EATING DISORDERS IN THE NEWS

FREED AWARDED THE BRITISH MEDICAL JOURNAL AWARD FOR MENTAL HEALTH TEAM OF THE YEAR

The British Medical Journal’s (BMJ) prize for Mental Health Team of the Year was awarded in May this year to the FREED team from the South London and Maudsley NHS Foundation Trust (SLaM) and the Institute of Psychiatry, Psychology & Neuroscience (IoPPN) at King’s College London.

First episode and rapid early intervention for eating disorders (FREED) is a novel service for young people with a first episode of an eating disorder, which focuses on optimal delivery of rapid, personally tailored and well integrated care. The introduction of FREED has been shown to significantly improve treatment uptake, clinical outcomes and service satisfaction and reduces needs for in-patient care.

With support from the Health Foundation, FREED is currently being rolled out to three other large mental health trusts.

The team’s evaluation lead Ulrike Schmidt, Professor of Eating Disorders at King’s College London said:

'We are absolutely thrilled to have won this prestigious award. Eating disorders remain highly stigmatised. This award raises awareness of the plight of a very vulnerable group of young people and shows that how we deliver care makes a big difference to people’s lives.’

The project's clinical lead, Danielle Glennon, Eating Disorders Outpatient Service Lead at SLaM, said:

'This award is hugely motivating for our team. It will support us in our endeavour to make early intervention a reality for all young people with eating disorders.’

The BMJ Awards, now in their 9th year, are the UK's leading medical awards. They recognise and celebrate the inspirational work of healthcare teams across the country. Over a 6-month period more than 350 teams submit entries which our distinguished judges whittle down to 60 shortlisted teams and 15 eventual winners who are all showcased in The BMJ.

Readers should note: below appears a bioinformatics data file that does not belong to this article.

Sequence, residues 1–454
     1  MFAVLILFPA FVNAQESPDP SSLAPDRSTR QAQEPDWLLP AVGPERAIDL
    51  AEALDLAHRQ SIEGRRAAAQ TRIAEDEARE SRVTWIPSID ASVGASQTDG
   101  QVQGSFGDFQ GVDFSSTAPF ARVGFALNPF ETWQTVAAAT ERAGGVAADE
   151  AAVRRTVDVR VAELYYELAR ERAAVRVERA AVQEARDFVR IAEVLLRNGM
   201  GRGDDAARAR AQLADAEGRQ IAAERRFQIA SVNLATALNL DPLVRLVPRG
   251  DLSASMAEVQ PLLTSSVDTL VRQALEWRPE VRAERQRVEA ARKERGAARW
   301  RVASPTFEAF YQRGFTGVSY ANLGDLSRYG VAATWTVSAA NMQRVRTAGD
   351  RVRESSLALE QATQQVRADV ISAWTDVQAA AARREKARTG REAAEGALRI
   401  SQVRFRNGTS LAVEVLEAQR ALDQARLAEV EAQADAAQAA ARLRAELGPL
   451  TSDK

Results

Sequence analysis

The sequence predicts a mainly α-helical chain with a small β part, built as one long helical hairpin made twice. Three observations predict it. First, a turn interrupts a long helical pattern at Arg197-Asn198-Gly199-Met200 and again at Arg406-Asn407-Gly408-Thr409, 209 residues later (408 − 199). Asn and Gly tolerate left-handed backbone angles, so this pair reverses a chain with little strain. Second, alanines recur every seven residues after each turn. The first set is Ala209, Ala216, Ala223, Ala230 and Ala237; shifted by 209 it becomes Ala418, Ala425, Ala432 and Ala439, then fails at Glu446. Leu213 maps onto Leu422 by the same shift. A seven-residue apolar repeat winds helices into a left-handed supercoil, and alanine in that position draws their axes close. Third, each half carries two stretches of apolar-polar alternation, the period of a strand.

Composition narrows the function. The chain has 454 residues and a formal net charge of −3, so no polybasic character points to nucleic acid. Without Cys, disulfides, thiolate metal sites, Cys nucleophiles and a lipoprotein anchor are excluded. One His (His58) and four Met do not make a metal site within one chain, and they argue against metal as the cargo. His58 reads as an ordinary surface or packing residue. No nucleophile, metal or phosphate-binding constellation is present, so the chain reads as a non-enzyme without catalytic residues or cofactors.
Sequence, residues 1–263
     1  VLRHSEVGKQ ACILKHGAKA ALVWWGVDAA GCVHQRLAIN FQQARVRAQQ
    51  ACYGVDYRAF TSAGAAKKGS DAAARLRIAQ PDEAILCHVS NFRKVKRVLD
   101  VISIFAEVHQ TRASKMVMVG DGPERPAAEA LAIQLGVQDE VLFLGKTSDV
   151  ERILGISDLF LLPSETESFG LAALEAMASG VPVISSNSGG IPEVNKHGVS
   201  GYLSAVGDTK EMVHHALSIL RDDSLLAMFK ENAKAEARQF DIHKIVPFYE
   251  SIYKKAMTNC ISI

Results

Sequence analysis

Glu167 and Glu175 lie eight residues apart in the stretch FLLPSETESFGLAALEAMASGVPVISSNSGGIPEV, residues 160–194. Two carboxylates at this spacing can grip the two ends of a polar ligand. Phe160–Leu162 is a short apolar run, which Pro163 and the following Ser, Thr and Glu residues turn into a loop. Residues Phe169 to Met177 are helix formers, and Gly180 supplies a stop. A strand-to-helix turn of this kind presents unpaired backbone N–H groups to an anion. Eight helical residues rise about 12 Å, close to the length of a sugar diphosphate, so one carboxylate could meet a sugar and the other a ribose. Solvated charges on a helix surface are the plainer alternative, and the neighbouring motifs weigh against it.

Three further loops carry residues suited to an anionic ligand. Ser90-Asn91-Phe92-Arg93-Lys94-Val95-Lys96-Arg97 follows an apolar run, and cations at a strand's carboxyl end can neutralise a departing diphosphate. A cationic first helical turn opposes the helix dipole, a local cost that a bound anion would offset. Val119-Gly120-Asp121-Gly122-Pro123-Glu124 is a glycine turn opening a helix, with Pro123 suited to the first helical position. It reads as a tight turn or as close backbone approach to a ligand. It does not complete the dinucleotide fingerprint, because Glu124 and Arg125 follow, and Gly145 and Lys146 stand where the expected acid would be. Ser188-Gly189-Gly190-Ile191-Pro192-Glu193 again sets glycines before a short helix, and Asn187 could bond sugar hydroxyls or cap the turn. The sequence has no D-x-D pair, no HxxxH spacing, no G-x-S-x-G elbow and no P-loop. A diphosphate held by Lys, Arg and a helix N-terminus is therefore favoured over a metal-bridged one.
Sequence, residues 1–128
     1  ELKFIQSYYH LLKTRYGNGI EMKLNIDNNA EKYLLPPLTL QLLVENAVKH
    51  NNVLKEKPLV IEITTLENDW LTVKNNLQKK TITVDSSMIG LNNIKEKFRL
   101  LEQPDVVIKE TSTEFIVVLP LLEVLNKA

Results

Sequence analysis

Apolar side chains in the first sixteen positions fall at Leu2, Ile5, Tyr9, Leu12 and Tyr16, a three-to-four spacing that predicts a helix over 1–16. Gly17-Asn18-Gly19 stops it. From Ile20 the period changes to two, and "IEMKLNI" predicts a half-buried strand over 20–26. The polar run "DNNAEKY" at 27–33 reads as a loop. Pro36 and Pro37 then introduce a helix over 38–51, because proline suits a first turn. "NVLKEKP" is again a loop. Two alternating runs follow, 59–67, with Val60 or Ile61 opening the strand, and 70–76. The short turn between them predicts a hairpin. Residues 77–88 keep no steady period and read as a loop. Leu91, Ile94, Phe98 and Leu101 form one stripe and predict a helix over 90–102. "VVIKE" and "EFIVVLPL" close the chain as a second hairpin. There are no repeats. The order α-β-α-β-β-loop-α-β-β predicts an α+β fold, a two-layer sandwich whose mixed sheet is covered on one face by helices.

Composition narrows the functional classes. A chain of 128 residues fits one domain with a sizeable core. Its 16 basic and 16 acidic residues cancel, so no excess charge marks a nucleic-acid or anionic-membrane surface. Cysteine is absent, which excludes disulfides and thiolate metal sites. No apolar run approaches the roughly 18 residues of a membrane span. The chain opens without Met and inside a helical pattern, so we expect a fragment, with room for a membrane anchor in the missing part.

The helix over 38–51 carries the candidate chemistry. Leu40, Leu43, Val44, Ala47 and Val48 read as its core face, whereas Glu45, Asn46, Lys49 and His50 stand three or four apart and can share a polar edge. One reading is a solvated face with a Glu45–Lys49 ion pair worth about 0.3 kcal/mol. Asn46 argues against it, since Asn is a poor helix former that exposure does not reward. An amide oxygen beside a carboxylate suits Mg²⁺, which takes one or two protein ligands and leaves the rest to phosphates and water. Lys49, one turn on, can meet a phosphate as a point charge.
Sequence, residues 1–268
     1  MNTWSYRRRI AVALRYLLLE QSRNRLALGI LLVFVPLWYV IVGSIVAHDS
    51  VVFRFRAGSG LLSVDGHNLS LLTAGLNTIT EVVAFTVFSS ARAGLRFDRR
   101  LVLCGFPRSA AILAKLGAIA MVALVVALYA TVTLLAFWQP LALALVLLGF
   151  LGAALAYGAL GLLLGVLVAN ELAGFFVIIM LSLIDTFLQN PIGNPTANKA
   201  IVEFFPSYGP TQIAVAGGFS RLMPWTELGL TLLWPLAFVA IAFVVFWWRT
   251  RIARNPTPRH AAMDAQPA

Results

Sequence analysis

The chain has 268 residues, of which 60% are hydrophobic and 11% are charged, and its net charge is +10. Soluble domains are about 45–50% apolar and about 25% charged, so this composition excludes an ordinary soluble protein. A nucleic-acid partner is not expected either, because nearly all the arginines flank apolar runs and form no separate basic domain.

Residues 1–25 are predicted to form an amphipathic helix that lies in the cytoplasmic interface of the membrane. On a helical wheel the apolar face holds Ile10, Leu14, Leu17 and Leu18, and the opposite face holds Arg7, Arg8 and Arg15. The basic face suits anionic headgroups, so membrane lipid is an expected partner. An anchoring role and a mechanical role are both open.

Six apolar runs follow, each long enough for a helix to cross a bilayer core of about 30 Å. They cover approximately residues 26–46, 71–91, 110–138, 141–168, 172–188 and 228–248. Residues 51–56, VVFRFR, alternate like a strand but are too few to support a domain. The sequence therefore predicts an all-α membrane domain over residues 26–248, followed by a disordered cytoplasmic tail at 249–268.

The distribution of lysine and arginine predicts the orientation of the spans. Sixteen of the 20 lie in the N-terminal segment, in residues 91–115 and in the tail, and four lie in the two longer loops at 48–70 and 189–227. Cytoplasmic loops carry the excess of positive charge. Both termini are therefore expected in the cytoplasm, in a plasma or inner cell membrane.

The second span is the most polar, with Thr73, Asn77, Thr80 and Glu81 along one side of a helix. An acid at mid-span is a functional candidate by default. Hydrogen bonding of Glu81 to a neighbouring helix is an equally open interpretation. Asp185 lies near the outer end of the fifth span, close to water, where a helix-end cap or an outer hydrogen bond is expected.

NEW CLUES ABOUT HOW THE BRAIN KNOWS WHEN WE’RE FULL AND SHOULD STOP EATING

By the Brain, Behaviour and Research Foundation, November 2016

Click here for a nice summary of the article

Click Here to take a Closer Look at the Research

Researchers have found cells in the brain that suppress an animal’s drive to eat. These cells produce a chemical that carries a message other parts of the brain involved in appetite.

Researchers used mice to look at how this message-carrying chemical affects appetite.

They found that when this chemical is released in the brain it reduces appetite in mice. When mice cannot release this chemical they eat excessively and gain weight.

Differences in the way this part of the brain works may contribute to risk of an eating disorder. It may also be possible to treat disordered eating by changing the release of this chemical in the brain.

ON WORLD MENTAL HEALTH DAY, WE MUSTN’T OVERLOOK EATING DISORDERS

By Tom Quinn, Huffington Post UK, October 2016

Click here for the full article

Myths about eating disorders are dangerous. They stop people from getting help. This means that people stay ill for much longer than they need to be. This makes it harder to make a full recovery.

Myths about what an eating disorder ‘looks like’ are dangerous. People with eating disorders are not always extremely thin. Eating disorders can affect anyone, of any shape, size, gender, age, or cultural background.

Beat is the UK’s main eating disorder charity. They say that treatment should be given as early as possible. This means getting help before disordered eating behaviours have become entrenched. Early help gives the best chance for a full recovery. Beat proudly support FREED!

GIRLS WITH ANOREXIA TURNED AWAY BY NHS BECAUSE THEY ARE ‘NOT THIN ENOUGH’

By Laura Donnelly, The Telegraph, August 2016

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Many NHS trusts are using BMI to decide whether patients with eating disorders are able to access care. In some areas patients are refused care if their BMI is over 14. A health BMI is between 18 and 25!

Guidelines from the National Institute for Health and Care Excellence (NICE) state that BMI is not enough. The NHS said that they would like to care for more people but they can’t because they lack resources and funding. FREED aims to show that early intervention is cost-effective. There is hope for the future!